Self-managed index fund investment vs. robo investment

LinkedIn EasyToCal2
Oct 1, 2017 7 Comments

I have a self-managed 3-fund index fund portfolio in vanguard, and a small investment at wealthfront with risk score of 9. While vanguard index funds have lower expense ratios, wealthfront provides tax-loss harvesting which can close the gap. Is there any analysis or pointers to the comparison two methods of investment? While 0.25% expense ratio of wealthfront seems high, i‘m not sure if tax-loss harvesting will pay off.


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TOP 7 Comments
  • Snapchat zM73aV
    I have similar problem, really depends on how much $ is in there. In a $200,000 portfolio paying the $500 annual Wealthfront fee and taking advantage of Wealthfront is quite worth it, since you can easily harvest 28+9% of $3,000 ordinary income losses per year. At a different scale, Vanguard + manual TLH is probably better.

    But is it worth the small fee to rebalance more and not let your portfolio get out of whack due to inattention (the typical real problem of investing)?

    However, the 1% claimed tax alpha of Wealthfront is vastly exaggerated and unlikely to show itself in reality, you likely won't have many short term capital gains so you'll be limited to $3,000 of losses harvested at say 37% for a $1,000 savings cap per year.

    There are lots of analyses back and forth about whether it's worth it. I'll post three of the best (critical) ones I've read:

    One thing is Wealthfront hasn't been long for that long and we don't know how they'll perform in a bad bear market. For instance if they keep rebalancing daily during a massive market crash that could actually end up worse than quarterly or annual rebalancing, "catching falling knife" effect. I'm going to split Wealthfront and DIY and see how both do, but the lazy temptation is to do all one or another
    Oct 3, 2017 2
    • Tableau idontgitit
      I find it funny that the first article you shared says that it's very easy to replicate the robo advisor features (like TLH). But then it goes pages after pages on how to do it and point out tons of things to be careful. I know you can probably DIY and save 0.25% but man I find it convenient to let computers do it for me :)
      Oct 3, 2017
    • Tableau idontgitit
      Some more thoughts. If you're strictly thinking about how you can avoid the 0.25% of most robo advisors, I think you will succeed at finding ways to replicate what they do for free. That is if you assume that you don't need daily rebalancing or daily TLH.

      Even though I'm not convinced daily TLH or daily rebalancing will make up that fee I would still think Wealthfront or Betterment are still worth considering., In my case I value my time a lot and even though I love personal finances, I don't want to.end up having to spend hours per week or month.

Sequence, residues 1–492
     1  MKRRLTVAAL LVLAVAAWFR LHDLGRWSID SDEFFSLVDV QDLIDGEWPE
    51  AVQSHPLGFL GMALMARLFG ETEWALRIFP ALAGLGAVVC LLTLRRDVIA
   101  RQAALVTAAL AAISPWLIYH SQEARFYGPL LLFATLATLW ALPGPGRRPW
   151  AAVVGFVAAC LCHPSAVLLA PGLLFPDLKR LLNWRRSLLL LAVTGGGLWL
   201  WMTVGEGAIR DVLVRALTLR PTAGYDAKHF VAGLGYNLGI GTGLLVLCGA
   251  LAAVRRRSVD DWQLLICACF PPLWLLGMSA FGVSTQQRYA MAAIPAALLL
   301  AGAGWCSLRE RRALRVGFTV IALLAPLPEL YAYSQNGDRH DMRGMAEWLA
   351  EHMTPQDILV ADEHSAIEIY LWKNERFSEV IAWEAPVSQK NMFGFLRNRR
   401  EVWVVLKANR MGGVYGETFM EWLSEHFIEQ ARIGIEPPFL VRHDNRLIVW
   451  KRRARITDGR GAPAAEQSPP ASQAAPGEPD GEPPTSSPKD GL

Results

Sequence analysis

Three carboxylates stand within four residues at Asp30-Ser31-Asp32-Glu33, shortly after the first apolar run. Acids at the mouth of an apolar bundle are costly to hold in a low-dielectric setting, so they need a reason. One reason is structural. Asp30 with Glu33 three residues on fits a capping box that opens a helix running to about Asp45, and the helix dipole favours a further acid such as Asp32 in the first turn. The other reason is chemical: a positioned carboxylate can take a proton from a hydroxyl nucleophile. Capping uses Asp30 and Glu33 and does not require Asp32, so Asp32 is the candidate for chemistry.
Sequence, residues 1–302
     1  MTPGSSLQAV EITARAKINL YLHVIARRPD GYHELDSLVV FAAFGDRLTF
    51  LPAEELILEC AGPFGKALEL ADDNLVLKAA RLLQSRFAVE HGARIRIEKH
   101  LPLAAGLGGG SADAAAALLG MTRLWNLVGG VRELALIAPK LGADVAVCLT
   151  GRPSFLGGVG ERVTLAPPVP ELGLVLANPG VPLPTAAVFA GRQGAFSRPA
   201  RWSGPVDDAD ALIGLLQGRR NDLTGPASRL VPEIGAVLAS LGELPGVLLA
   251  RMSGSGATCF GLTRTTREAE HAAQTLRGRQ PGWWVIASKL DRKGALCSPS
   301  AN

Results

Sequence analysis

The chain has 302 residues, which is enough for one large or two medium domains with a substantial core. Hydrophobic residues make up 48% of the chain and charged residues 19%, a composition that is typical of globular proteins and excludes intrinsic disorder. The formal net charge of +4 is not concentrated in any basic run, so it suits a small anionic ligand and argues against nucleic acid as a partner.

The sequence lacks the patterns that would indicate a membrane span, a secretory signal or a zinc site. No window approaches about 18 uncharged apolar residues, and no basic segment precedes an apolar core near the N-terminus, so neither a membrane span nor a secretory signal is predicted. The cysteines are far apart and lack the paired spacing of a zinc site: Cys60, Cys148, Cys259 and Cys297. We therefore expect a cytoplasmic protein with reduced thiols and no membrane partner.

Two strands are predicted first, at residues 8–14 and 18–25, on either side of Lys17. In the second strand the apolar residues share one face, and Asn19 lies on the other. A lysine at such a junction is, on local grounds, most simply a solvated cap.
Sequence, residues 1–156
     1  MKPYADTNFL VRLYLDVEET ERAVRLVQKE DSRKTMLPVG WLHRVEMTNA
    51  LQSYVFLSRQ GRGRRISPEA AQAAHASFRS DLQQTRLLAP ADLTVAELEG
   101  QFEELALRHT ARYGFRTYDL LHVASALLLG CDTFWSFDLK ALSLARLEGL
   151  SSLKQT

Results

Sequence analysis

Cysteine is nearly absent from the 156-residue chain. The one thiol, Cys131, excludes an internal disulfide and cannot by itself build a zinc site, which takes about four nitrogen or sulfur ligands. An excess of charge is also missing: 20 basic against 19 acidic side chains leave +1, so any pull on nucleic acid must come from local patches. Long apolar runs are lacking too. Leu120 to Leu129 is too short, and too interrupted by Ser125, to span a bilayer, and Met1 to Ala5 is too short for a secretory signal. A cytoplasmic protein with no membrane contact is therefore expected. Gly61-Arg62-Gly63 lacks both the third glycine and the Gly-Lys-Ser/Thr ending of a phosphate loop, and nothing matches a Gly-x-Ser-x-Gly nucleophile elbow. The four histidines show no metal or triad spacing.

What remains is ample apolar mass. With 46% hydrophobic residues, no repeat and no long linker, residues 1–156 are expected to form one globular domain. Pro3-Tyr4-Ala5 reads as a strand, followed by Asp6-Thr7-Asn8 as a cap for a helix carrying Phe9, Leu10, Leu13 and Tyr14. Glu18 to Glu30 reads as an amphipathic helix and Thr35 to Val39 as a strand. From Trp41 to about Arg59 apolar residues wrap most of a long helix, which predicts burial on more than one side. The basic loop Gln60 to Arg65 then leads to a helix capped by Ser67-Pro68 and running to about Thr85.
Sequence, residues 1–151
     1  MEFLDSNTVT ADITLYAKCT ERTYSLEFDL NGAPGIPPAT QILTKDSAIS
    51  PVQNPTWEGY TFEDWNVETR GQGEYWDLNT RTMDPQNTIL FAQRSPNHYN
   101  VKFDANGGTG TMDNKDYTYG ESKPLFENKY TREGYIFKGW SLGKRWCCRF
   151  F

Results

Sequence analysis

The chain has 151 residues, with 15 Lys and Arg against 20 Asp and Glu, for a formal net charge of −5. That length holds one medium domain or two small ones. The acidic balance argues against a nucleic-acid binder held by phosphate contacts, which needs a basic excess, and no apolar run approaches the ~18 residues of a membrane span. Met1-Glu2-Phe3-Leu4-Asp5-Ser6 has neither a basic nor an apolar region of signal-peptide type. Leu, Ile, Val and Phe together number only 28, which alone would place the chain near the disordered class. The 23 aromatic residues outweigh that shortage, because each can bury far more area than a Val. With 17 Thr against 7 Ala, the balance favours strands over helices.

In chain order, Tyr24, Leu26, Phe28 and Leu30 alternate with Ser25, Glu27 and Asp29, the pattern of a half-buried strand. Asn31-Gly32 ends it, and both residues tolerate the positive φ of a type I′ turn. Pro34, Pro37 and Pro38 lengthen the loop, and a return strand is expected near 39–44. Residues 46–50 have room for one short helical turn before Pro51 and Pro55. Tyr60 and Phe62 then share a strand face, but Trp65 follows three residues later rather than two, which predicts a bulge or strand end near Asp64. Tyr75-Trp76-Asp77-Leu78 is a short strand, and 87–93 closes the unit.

For that reason, I see the 0.25% fee as a convenience fee. I do get your point though that as you get into (say) 500,000+, that convenience becomes expensive.

      Betterment has things like fractional shares which means you never have sitting cash. They also have coordinated portfolio, meaning that you can have a taxable account, a Roth IRA, a traditional IRA all coordinated. That means that your overall stock/bonds target is globally respected but tax inneficient assets can be put in your Roth and so on. They also keep track of all your tax lots and will ensure your widhtdrawals are tax optimized for you. Again, all things you can DIY but that is a LOT of convenience !
      Oct 3, 2017
  • Tableau idontgitit
    The 2 strategies are probably very similar. I assume that you don't pay commissions in your vanguard account, right? I think TLH yields probably just enough to offset the WF fees. But I think WF has more advantages though. Like smart dividends reinvestment, possibly direct indexing, help on minimizing taxes on withdrawals, automatic rebalancing and more.
    Oct 1, 2017 0
  • Snapchat zM73aV
    BTW what is your 3 fund Vanguard portfolio?
    Oct 3, 2017 1
    • LinkedIn EasyToCal2
      I have US stock (vtsax), international stock (vtiax), and US bonds (vbtlx), 60:20:20.
      Oct 4, 2017
  • LinkedIn EasyToCal2
    Thank you all for great points and pointers.
    Oct 4, 2017 0


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